Cynics may say that such experiences are all to do with something you have eaten… or drunk… or smoked…. Or even that you are suffering from a form of mental illness. And what difference does it make if you experience some kind of “high” but, like Jacob, you wake up the next morning in the same harsh and difficult place? You will still struggle to cope with yourself and your life. You won’t be in some kind of “heaven.” Which means that these kind of experiences could make your life worse rather than better. It is delusion, not truth.

But Otto pointed out that even in the human life of Jesus Christ- a physical life that was undeniably lived out in the real world; a world of toil and sweat and tears; a world in which people let you down; a world of pain and need and heartbreak; Jesus still brought “the numinous” into this life.

For he preached the “kingdom of heaven” and by this he did not mean some far distant realm after death but a kingdom which could be created right here, right now in this world. He taught how the poor could be lifted out of poverty; how those with power could use it justly; how healing could come to the sick; how those with no voice could be helped to speak; how people could forgive others and themselves; how the Spirit of God could fill every human life: not just through “out of the body experiences” but through daily, hourly living. And this is “awe some.” It is not a case of “just be good and everything will be OK.” It is more “live in the power of God and even when everything is not OK; even when you are not OK; you will be in the presence of something far greater and held in a love you cannot begin to imagine.” Jesus preached a totally different way of experiencing life and his followers became known as “saints,”(the holy) not because they were morally superior or exceptionally gifted or spent all their time in church but because they had this sense of  participating in the glory and the mystery of God every hour of every day. They were living and working for the kingdom of God and this transfigured everything they did.  Everything in life was about something much greater than themselves and their vision was for a world far better than they themselves could ever make it.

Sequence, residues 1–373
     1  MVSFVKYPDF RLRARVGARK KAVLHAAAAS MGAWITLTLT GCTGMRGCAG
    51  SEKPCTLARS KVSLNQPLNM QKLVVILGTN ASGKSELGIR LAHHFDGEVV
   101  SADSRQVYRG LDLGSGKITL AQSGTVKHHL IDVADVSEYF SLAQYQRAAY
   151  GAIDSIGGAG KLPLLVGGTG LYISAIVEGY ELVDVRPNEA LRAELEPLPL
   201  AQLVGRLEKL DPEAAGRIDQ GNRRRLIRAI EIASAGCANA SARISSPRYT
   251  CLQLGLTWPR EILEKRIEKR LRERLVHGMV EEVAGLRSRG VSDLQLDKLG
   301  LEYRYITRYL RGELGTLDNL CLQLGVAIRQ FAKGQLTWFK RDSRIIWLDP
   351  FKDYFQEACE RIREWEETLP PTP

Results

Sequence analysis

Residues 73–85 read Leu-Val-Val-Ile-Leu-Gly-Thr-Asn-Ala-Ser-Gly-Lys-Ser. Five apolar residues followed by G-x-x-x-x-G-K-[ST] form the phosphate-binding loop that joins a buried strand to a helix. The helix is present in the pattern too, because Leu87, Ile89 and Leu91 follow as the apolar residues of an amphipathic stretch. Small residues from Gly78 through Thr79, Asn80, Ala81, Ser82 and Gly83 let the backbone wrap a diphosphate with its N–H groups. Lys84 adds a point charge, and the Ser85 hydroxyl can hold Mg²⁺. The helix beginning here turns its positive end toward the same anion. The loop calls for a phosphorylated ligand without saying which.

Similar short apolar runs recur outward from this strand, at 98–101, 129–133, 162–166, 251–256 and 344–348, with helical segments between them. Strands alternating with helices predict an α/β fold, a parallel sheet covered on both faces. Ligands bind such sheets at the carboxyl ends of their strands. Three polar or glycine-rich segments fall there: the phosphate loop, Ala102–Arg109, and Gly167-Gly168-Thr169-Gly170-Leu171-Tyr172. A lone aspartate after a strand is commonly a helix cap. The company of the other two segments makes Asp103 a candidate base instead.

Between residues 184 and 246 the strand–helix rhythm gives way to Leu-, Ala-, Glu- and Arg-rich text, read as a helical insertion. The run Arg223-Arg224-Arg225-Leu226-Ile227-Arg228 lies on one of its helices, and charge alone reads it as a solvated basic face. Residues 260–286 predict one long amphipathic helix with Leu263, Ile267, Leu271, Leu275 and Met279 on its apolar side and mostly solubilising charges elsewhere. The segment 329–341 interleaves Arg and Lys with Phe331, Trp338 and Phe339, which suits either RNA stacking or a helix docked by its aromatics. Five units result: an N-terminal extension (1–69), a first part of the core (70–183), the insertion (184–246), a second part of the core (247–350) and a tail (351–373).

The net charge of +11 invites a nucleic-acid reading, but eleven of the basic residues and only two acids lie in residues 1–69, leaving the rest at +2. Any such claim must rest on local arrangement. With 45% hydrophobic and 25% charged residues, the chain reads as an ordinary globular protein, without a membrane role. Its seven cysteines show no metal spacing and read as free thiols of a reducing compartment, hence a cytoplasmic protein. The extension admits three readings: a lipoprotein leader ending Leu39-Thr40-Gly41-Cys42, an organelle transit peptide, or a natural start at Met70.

Thinking back to my birthday party and my inability to let other people get on with what they were supposed to doing and enjoy what I was supposed to be doing (ie nothing)- I wondered if this might be the root of many problems and cynicism around prayer? Maybe as people have prayed they have got into the habit of “interfering” with God; trying to persuade him to work to our agenda, to do things our way. And surely, if we are talking about the kingdom of heaven, it should be the other way around?  

If you read many of the prayers written down in the Bible, they voice a great deal of what  people think should be happening. Prayers for justice and peace. Prayers for a good harvest. Prayers for protection in dangerous times. Prayers for the safety and wellbeing of their families. Prayers for healing when they are sick. Now there is nothing wrong with any of these prayers. They arise from naturally loving and responsible hearts. They are about things vitally important to us and surely a loving God will care about this?

Yes, of course he will. It is just that sometimes you notice these prayers taking a dangerous turn: when prayers for justice and peace and plenty turn into prayers for the peace and prosperity of our nation even if these come at the expense of other races. When prayers for safety become prayers for deadly vengeance on the people who are threatening or hurting you.  When prayers for your own family become elitist- if my family are all well-behaved and trouble free then, “thank-you God because you obviously think more of me than you do of my neighbour with the stroppy teenager. And prayers for healing become seriously destructive when you conclude that those who are not healed must have somehow done something terribly wrong and lost God’s favour.